“Everyone has a different picture of what depression looks like,” Kosicek shared with her colleagues. “Some people can barely function, and some can go to work and then come home and cannot get anything done whatsoever. Where others can’t even get out of bed.”

She suggested asking oneself, “What else is going on? What else is happening in the blood work? Is there something metabolic going on? What could it be? It just [runs] the gamut from diabetes to is there high or low white blood cell counts? What’s going on with thyroid? All of these questions truly come into play because if the patients are not presenting and knowing how to tick those DSM metrics, sometimes we miss it.”

6. Make screening—and rescreening—a priority.

“We can’t just treat and forget. I have to remind my staff every day if I haven’t seen that patient in 3 months, make sure they get a PHQ-9,” Montano said. “Doing repetitive screening with a PHQ-9 is going to bring that symptomatology out. Do they have a primary sleep disorder that will show up? Do they have ADHD? Believe it or not, 2 of those questions will often show up when you’re doing a PHQ-9. So not forgetting that this disease is chronic, recurrent—that’s how I think of it—and that you need to keep screening.”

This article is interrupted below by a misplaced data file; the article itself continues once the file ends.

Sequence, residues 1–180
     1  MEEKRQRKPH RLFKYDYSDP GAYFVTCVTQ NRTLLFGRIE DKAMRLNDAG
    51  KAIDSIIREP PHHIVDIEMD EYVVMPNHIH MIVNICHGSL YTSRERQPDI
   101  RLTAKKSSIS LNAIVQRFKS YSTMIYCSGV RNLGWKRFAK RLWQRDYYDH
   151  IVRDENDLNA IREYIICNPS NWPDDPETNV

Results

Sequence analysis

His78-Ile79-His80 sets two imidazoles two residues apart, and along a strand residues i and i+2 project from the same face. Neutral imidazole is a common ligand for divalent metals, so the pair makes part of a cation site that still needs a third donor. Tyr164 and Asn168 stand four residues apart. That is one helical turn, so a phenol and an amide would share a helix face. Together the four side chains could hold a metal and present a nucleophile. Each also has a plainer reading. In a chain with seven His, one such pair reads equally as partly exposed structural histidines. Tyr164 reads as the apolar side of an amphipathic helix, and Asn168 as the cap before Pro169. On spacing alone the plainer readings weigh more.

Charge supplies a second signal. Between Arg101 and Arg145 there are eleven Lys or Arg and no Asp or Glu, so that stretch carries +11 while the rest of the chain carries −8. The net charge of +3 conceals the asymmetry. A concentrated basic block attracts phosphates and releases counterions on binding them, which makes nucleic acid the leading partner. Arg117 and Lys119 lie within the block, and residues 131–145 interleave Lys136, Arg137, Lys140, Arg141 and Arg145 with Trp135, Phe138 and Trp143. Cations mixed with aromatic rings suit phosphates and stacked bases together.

Common Screening Tools

Common Screening Tools

Kosicek agreed and said these screens help clinicians “know what kind of depression we’re dealing with.”

“A lot of times screens aren’t used because our EHR systems do not have all of those scales. GAD-7 and PHQ-9 are pretty common, but it’s really important for providers to push for the implementation of either the MDQ or the RMS. I like the RMS because it’s quicker,” Kosicek said. “That absolutely is something that can be added to the template.”